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PrizeFighter: The Best Actor race is getting 'real'

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The Academy of Motion Picture Arts & Sciences loves nothing more than a solid portrayal of a real-life figure. It worked for Eddie Redmayne last year when he won the Best Actor statuette for his work as paralyzed astro-physicist Stephen Hawking in The Theory of Everything, and it could work again for him this year for his portrait of the riveting — and beautiful — transgender artist Lili Elbe in The Danish Girl.

Redmayne will be joined by a slew of other actors who took on real-life roles, including Michael Fassbender, who despite looking nothing like Steve Jobs, seemed to have little trouble transforming himself into the maniacal founder of Apple Computer. There’s also Will Smith, who channeled the distinct mannerisms and accent of Nigerian doctor Bennet Omalu in Concussion; Bryan Cranston, who mimicked the unique eccentricities of blacklisted screenwriter Dalton Trumbo in Trumbo; and Johnny Depp, who took on the receding hairline, blue contacts, and malevolence of mob leader and FBI informant Whitey Bulger in Black Mass with aplomb.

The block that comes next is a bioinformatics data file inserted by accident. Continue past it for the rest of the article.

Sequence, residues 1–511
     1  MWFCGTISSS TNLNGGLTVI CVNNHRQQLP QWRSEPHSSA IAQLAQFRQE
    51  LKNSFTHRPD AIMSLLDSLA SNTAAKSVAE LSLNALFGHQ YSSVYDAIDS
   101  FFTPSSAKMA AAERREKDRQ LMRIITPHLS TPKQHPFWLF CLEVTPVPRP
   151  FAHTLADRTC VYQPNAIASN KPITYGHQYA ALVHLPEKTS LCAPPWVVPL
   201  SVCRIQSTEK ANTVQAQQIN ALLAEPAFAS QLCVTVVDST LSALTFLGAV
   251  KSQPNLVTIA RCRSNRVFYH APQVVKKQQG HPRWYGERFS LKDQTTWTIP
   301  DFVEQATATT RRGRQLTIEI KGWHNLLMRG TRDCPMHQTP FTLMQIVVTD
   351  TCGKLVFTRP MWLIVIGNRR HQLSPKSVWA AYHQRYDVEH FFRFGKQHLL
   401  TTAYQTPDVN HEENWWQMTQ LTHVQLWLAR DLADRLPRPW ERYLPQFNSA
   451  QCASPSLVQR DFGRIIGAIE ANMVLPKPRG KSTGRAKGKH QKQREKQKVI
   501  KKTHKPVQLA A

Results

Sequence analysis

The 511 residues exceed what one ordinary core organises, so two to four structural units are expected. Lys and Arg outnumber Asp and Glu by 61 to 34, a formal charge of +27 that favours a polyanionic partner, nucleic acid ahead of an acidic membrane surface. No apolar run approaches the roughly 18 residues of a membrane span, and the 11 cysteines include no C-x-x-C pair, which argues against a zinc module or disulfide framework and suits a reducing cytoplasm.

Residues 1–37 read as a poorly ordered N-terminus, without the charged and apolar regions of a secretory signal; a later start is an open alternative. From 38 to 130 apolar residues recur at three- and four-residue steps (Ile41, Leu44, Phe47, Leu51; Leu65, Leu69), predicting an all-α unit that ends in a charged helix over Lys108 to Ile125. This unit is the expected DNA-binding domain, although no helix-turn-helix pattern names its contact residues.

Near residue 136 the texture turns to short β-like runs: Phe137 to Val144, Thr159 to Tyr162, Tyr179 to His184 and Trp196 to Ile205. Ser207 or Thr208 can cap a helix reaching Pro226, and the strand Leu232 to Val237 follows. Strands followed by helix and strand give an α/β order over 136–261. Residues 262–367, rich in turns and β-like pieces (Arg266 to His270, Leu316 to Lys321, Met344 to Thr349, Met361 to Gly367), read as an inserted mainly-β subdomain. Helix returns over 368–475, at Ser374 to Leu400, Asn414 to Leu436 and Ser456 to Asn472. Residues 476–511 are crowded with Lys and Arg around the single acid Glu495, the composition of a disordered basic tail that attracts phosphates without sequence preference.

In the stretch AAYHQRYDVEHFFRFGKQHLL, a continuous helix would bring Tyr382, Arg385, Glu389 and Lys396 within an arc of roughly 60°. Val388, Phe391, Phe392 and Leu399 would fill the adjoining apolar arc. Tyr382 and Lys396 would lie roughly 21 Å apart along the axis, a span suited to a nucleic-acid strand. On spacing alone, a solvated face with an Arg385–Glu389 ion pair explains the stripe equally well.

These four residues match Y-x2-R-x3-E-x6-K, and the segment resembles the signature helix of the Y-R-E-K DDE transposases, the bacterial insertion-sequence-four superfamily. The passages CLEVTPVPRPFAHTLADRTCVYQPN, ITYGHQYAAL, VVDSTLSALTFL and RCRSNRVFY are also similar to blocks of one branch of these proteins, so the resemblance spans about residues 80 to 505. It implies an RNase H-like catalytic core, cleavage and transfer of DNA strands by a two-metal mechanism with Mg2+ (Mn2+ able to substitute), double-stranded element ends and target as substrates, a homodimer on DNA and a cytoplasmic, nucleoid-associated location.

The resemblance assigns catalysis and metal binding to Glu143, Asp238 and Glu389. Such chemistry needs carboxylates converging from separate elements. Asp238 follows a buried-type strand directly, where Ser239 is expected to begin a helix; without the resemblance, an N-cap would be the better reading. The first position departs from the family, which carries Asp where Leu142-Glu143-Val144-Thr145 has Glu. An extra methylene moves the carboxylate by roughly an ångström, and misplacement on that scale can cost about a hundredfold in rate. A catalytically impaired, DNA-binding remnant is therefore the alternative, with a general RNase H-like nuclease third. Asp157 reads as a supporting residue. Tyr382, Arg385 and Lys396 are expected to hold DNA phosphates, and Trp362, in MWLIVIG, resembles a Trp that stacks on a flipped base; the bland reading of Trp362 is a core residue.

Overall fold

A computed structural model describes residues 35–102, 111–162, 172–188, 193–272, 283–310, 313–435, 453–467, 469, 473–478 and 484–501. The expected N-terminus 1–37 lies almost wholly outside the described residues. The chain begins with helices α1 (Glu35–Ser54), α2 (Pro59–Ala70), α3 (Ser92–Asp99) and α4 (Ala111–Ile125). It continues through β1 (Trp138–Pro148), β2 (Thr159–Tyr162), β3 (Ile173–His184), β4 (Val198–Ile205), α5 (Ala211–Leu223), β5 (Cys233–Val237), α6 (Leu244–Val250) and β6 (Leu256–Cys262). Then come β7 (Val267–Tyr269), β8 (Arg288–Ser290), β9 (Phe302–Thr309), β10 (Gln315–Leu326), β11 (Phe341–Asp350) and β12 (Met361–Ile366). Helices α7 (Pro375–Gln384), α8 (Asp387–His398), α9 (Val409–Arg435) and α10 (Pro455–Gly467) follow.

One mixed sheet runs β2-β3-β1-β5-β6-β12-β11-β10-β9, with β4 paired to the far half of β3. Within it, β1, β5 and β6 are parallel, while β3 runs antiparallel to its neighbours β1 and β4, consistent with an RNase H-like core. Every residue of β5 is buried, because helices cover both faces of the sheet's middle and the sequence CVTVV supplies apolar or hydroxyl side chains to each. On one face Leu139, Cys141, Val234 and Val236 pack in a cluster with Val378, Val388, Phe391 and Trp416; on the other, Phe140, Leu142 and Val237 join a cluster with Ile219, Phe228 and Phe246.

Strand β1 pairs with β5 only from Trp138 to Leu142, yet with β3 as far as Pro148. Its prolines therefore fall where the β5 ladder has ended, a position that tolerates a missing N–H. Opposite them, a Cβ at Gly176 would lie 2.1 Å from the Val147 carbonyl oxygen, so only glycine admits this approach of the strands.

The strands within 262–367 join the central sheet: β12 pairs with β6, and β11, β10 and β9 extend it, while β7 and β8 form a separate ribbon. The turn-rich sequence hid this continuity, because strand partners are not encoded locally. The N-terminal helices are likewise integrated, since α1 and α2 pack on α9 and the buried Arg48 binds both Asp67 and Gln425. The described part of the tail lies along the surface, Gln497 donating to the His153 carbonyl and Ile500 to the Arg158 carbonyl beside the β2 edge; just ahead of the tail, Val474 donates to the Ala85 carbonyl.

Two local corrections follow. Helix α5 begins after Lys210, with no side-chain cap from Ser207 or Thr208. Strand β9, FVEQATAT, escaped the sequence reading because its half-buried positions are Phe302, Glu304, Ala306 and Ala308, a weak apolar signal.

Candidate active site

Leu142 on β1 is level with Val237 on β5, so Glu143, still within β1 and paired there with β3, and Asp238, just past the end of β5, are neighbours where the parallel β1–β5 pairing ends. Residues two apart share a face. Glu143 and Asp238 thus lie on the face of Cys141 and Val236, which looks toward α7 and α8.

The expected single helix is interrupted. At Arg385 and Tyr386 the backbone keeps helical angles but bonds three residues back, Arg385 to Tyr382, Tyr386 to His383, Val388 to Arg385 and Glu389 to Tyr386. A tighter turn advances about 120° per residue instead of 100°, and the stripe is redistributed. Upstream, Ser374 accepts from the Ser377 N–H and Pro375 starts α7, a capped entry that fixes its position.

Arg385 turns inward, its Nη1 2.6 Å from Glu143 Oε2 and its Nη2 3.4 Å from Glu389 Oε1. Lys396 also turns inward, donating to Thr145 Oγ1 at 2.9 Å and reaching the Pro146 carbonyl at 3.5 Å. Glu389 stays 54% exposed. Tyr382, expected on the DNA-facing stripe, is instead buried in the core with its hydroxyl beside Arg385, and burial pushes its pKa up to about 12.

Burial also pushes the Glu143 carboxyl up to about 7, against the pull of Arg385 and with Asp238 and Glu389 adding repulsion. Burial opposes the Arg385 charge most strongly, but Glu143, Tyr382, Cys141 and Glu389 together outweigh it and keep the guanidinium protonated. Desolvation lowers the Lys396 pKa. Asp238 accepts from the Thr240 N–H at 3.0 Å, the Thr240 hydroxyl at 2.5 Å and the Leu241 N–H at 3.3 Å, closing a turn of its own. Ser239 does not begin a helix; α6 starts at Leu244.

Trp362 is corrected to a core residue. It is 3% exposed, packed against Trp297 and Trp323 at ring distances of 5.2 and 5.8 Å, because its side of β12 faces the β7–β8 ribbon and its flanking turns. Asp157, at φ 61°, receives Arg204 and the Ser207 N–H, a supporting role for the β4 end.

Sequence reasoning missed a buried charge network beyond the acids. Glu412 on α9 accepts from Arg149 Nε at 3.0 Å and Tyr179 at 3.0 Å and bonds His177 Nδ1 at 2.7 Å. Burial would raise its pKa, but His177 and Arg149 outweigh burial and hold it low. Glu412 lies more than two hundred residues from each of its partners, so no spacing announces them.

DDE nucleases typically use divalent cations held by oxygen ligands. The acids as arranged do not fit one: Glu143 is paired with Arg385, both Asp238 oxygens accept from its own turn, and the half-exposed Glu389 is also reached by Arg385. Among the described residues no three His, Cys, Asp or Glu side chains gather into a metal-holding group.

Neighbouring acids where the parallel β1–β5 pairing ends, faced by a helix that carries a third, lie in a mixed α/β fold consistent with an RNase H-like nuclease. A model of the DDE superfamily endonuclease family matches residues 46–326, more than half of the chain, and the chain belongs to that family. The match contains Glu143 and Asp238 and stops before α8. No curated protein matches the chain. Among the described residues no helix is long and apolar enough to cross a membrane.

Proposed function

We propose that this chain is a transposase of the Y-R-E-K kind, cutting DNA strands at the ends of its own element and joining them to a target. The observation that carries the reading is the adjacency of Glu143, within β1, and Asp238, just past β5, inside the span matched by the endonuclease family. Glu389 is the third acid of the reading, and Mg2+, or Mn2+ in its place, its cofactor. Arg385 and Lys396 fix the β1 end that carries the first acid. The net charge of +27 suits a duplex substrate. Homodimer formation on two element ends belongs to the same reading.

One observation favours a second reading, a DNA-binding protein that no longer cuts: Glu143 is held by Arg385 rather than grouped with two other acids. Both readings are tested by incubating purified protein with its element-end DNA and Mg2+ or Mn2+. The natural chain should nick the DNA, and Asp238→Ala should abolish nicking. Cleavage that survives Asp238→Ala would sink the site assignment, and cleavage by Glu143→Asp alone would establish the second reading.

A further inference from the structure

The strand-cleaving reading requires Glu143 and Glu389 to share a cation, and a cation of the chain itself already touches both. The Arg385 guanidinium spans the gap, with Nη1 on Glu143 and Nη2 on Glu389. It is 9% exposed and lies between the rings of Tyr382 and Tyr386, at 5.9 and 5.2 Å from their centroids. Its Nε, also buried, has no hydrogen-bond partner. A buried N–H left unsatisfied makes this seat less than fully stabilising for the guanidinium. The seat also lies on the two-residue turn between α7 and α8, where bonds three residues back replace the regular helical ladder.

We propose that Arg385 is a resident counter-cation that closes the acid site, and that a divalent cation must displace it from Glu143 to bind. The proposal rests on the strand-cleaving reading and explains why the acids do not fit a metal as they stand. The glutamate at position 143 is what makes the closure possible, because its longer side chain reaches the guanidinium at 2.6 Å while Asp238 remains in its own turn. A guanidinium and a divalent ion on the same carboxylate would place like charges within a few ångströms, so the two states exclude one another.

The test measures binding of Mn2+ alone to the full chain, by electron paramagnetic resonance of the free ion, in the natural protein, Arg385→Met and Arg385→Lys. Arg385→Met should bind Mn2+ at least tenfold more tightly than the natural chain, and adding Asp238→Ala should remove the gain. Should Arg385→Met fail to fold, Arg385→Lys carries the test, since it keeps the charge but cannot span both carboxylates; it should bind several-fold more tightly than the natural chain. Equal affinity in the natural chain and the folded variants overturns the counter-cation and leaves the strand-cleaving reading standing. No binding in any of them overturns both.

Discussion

But if we’re being honest, we like our actors to suffer for their craft, and no one seems to have suffered more this past year than Leonardo DiCaprio for his part as the mythologized 19th-century fur trapper Hugh Glass. Early stories of freezing temperatures and stark accommodations pale in comparison to the latest tales from Alejandro G. Iñárritu’s brutal Revenant set that involved DiCaprio sleeping in an animal carcass and eating raw bison liver. No, we haven’t yet seen the movie. But if that doesn’t get the four-time Oscar nominee his first statue, what will?

Even if actors are not playing men from the history books, some of the best performances are drawn from fictional men well-crafted by literature. Like Sherlock Holmes in the case of Ian McKellen‘s portrayal of both the spry 60-year-old fictional detective and his more feeble 93-year-old self in Mr. Holmes. Or the fictional botanist Mark Watney, as first envisioned by geeky novelist Andy Weir, and then fully embodied by Matt Damon, who kept our eyes glued to the screen even when tasked with the mundane exercises that allowed him to survive on Mars in the blockbuster The Martian.

Filling out the potential nominee list is Michael Caine for his sorrowful portrayal of an aging conductor in Youth and the ever-green Tom Hanks who, in his fourth collaboration with Steven Spielberg, pulls off the heroic everyman effortlessly in Bridge of Spies.

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Watch interviews with many of the contenders below: